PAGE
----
# Run the program to get the result
  my $result = $instance->($state_data);

If the builder function is called with a true value as the first argument, it will instead build an interactive iterator that performs a single transition per call. It accepts a single value as input representing the program's current state.

The return value is new state's label in scalar context, the label and state in list context, and undef after the terminal state has been reached.

  # Define the state machine
  my $builder = machine { ... };

  # Create an instance of the machine
  my $program = $builder->();

  # Run the program
  my $state = [];
  while (my ($token, $data) = $program->($state)) {
    print "Current state is $token\n"; # $token == label of current state (e.g. READY)
    print "State data: @$data\n";      # $data == $state input to $program


Sets the name given to the "ready" state. This is the initial state held by the state machine.


Sets the name given to the "terminal" state. This is the final state held by the state machine. Once in this state, the machine will cease to perform any more work.


Alias for "terminal".


Defines a transition between two states by matching the symbol identifying the state at the end of the most recent transition and the input passed into the transition engine (see "machine") for the transition being performed.

The first argument to transition is the symbol identifying the state at the outset of the transition. A Type::Tiny constraint is used to identify the expected input using "on". When both of these match the current program state, the return value of "with" replaces the current input in place. "with" is permitted to the current input. If "with" is not specified, the input remains unchanged. Once the transition is complete, the symbol supplied by "to" will identify the current program state.

The first transition is always from the "ready" state. The final transition is always to the "terminal" state. There may be no transitions from the "terminal" state.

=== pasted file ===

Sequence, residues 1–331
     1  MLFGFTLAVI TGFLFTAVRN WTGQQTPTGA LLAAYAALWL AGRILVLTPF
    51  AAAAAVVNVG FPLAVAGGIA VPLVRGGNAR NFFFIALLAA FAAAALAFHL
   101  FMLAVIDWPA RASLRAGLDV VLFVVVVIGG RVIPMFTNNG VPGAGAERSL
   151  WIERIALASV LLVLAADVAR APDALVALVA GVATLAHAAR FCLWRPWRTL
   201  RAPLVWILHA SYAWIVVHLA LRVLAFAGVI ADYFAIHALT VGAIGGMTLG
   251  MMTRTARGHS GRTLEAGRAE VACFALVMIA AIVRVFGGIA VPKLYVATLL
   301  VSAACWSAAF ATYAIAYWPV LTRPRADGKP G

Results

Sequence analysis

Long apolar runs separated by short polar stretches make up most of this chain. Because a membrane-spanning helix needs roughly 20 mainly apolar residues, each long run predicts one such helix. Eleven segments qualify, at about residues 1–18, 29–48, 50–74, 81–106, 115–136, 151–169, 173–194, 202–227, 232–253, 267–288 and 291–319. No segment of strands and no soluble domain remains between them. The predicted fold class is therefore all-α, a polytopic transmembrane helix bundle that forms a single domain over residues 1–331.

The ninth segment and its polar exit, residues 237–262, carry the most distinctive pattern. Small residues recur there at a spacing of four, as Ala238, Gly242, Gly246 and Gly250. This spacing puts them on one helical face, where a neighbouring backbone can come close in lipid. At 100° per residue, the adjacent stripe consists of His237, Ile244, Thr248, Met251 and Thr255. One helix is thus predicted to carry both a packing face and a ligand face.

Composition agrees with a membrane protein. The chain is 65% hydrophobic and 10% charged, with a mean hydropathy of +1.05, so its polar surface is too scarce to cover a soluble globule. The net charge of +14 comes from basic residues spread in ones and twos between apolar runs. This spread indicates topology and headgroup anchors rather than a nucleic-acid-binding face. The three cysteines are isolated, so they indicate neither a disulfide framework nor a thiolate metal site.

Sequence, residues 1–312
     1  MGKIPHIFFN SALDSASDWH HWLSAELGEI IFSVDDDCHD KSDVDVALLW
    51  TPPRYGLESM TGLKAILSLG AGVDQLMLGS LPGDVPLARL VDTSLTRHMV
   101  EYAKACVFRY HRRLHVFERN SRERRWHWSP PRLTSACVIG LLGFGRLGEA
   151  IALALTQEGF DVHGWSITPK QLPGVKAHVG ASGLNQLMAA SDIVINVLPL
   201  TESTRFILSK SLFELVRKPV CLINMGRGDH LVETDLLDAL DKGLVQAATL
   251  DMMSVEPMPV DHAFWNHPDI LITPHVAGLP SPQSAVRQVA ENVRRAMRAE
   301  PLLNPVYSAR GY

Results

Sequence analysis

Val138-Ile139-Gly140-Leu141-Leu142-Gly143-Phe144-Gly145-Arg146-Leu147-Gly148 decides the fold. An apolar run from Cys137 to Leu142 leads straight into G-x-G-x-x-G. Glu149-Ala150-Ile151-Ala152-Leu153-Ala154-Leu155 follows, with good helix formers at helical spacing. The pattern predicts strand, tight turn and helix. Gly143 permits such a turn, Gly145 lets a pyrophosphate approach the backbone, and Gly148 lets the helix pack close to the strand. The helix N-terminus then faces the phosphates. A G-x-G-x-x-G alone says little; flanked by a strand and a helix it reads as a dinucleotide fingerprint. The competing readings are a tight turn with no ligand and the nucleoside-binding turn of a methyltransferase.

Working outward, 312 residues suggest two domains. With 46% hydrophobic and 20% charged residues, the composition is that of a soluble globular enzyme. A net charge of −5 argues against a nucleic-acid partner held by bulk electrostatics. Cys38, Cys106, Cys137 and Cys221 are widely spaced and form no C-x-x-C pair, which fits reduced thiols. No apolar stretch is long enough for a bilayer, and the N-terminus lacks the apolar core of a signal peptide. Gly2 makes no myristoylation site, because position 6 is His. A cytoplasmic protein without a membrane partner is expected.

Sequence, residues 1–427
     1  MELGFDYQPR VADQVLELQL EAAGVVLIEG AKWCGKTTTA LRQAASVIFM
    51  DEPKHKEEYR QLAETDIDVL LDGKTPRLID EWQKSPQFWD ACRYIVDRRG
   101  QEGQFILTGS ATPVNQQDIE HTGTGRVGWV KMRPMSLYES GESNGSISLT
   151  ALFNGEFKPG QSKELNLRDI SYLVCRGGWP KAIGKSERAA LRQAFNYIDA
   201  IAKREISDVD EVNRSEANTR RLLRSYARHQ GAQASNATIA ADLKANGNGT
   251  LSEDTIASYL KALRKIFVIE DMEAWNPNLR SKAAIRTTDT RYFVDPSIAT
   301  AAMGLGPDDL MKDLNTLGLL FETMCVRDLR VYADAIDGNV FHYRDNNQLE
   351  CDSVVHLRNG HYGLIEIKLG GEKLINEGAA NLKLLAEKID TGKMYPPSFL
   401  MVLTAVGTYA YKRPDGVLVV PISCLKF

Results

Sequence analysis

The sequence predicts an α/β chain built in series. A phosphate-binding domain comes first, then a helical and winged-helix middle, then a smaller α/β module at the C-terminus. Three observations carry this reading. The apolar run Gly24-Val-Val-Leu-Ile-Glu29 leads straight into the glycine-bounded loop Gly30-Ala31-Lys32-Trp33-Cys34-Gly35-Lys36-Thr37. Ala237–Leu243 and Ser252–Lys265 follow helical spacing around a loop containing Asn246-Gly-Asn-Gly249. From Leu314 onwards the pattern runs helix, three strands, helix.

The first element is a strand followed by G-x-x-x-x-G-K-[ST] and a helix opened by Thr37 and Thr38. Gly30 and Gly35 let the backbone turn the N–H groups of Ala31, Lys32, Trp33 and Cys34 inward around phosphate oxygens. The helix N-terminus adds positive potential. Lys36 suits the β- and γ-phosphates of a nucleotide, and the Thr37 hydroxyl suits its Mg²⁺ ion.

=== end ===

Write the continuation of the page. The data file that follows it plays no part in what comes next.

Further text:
The following functions are used in concert with "transition".


A name identifying the state held after the transition.


A Type::Tiny constraint that matches the state immediately before the transition.


A code block whose return value is the mutable state used to determine the next transition to perform. Within the code block $_ is a reference to the program state.


Alias for "with" that may be used to avoid conflicts with other packages exporting with. Prevent the export of with in the typical way (see "Specialised-Import-Lists" in Exporter).

  use Auto::Mata '!with';

  machine {

    transition 'INITIAL_STATE', to 'THE_NEXT_STATE',
      on Dict[command => Str, remember => Bool],
      with {
        if ($_->{command} eq 'fnord') {
          return {command => undef, remember => 0};
        else {
          return {command => undef, remember => 1};


If $ENV{DEBUG_AUTOMATA} is true, helpful debugging messages will be emitted to STDERR.


Jeff Ober <>


This software is copyright (c) 2017 by Jeff Ober.

This is free software; you can redistribute it and/or modify it under the same terms as the Perl 5 programming language system itself.